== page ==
Monday, June 7, 2010

90 Minute Review: Attack Of The Clones

I featured the prequel review of The Phantom Menace earlier this year and I have to say that this one is even better:

I know what you’re thinking—nine 10-minute long YouTube videos that dump all over the Star Wars prequels doesn’t sound like your thing. I thought that too. Until I watched the first segment of the latest 90 minute-long review of Star Wars Episode II: Attack of the Clones. The review is, from what I’ve seen, hilarious if for no other reason than the reviewer, Mike Stoklasa, has fully embraced his geek rage towards George Lucas for whiffing it so bad with the Star Wars prequels and created a rambling but thoroughly scathing and spot-on takedown.

The best part is that Stoklasa knows all too well that he sounds like an irate and thoroughly depressed nerd and he vamps it up to the hilt as his alter-ego, “Mr. Plinkett,” an crotchety old man that may or may not be a serial killer (“Now I’m the last person in the world who you’d call an expert on love considering that most of my relationships seem to end up inside different trash bags.”).
I actually find the intermediate serial killer jokes to be a bit pedantic and labored (and that's coming from someone who is admittedly morbidly fascinated by serial killers) but speaking as a sci-fi nerd the review is pretty damn spot on. In fact, just as in his first review, I'm fairly impressed with his grasp of narrative and story telling and his explanation of how Lucas has failed on so many levels in his beautiful yet irrelevant prequel endeavours (and I love the Last Starfighter references). Here's part one (you can find the rest at YouTube):


magpie said...

Before the prequels were made I had a particular impression of what the Jedi of old were....

What they weren't was a bunch of priests sitting in circles in absolute luxury in a big dorm on the capital of the galaxy, bickering about rules about how many apprentices you could have, about whether you get called "master" or not, and behaving like a cult.

I thought they were ascetic and unexalted individuals scattered across a million worlds, living simple lives and helping people in the manner of Kwai Chang Caine. That was how I imagined them. Maybe the fact that a lot of the action in the original trilogy happens on mostly unpopulated worlds gave me that idea too.

According to Obi-Wan in the original trilogy, when he first met Anakin he was already the best star pilot in the galaxy. Allowing for a little hyperbole of praise, that told me he was already an adult when they met.

Stepping into the ideas that Lucas presents though... Obi-Wan isn't kidding when he says he "failed" (he also implies he had more than one pupil).
He fails Anakin utterly. Does nothing but try to impose his will on him.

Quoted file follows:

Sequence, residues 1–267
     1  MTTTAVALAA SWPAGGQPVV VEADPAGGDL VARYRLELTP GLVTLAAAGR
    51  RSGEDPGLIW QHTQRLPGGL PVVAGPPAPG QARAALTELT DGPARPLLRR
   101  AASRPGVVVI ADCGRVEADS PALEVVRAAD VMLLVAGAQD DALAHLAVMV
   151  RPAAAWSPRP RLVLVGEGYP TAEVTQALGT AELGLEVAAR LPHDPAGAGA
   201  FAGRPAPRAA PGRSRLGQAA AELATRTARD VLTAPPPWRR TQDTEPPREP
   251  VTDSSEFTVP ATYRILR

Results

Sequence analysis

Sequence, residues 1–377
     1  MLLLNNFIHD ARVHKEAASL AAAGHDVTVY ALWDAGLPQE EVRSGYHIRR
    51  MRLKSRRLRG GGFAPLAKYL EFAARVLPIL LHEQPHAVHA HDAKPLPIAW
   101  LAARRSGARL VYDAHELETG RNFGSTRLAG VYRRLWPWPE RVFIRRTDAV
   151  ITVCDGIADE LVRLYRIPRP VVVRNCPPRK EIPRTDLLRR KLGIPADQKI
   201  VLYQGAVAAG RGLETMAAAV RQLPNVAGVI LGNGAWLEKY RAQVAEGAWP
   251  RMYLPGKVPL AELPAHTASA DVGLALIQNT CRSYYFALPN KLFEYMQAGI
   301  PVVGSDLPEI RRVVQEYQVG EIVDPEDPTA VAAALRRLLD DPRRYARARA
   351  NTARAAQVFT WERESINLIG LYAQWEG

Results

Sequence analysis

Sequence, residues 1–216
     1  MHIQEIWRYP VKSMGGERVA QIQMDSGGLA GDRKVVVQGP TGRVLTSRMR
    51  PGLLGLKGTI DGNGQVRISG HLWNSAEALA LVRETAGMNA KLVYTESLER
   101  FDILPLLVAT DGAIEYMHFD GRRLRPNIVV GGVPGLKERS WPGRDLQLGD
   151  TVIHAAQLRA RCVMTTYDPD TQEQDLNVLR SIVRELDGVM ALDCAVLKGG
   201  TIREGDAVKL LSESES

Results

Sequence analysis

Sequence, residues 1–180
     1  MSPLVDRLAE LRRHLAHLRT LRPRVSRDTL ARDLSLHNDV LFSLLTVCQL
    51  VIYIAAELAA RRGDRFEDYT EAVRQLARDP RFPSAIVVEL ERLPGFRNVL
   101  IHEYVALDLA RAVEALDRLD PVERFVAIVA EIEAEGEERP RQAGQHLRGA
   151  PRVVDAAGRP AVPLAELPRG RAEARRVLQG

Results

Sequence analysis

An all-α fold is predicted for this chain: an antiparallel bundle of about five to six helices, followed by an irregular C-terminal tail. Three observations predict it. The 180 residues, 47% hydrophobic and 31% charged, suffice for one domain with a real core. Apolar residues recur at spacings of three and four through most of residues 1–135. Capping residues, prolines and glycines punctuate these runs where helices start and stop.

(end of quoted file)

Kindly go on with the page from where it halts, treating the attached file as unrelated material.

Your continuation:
How old is Anakin by Episode 3...? He still seems to be in his teens. Does it not occur to these paragons of enlightenment that he is ripe for romantic obsession, particularly as the first thing these guys do to turn people into Jedi is take them from their mothers while still children?

How bad was your first major crush on a girl?
The lack of understanding that Obi-Wan - who seems never to have noticed a girl's chest wobble in all his days - and the other Jedi have for basic psychology is woeful.

The guy makes a good point about the lack of the friendship we were expecting too. Contrast this with Judah and Messala in Ben Hur - they're deadly adversaries for most of the film but in their first scene together there is not a shadow of doubt in the mind of the audience that these men were as close as brothers once.

shansmith said...

Wow. I don't think that I have ever put that much thought into anything. I can't tell if I am sad about that or pretty content.

JBW said...

I don't know if you're talking about the actual review or just what my buddy magpie wrote, Shannon. Either way, I think both are spot on.

JBW said...

I agree, magpie. I'm assuming that Lucas was trying to portray the order as having gotten soft and decadent, too impressed with their own power and abilities, which would indeed make them pretty crappy Jedi Knights (and they never see the end coming in Revenge of the Sith, of course).

I too pictured them being much like Caine (maybe Obi-Wan just showing up in the desert like it was the old west to help Luke set that expectation early on, plus the Jedi have always reminded me of Shaolin monks). Interesting that after Sam Jackson's character Jules decides that he wants to "walk the Earth" like Caine at the end of Pulp Fiction Lucas completes the circle by making him Mace Windu, a casting choice Stoklasa rightfully criticizes I think.

He also hits every one of your notes about Anakin's puberty and Obi-Wan's strange sexlessness later on in this review, making the comparison that even the seemingly emotionless Vulcans still get married and have sex. If you have a free hour and a half I highly recommend watching the entire thing (I say this only because you're a sci-fi nerd like myself, amigo).

Anonymous said...

Curse you for bringing out the inner geek in me.

JBW said...

Come to the dark side of late-night movie discussions, one L. The ability to speak Klingon is a plus but is not required (and no, I most decidedly do not).

magpie said...

Vulcans go crazy and beat each other up, and then have sex.

I'd be all up for that, but it only happens once every seven years.

Dunno what the Klingons do... but I'm sure it's impressive.

JBW said...

I don't care how good the sex is, magpie: once every seven years is unacceptable. I couldn't live like some pointy-eared ascetic locust.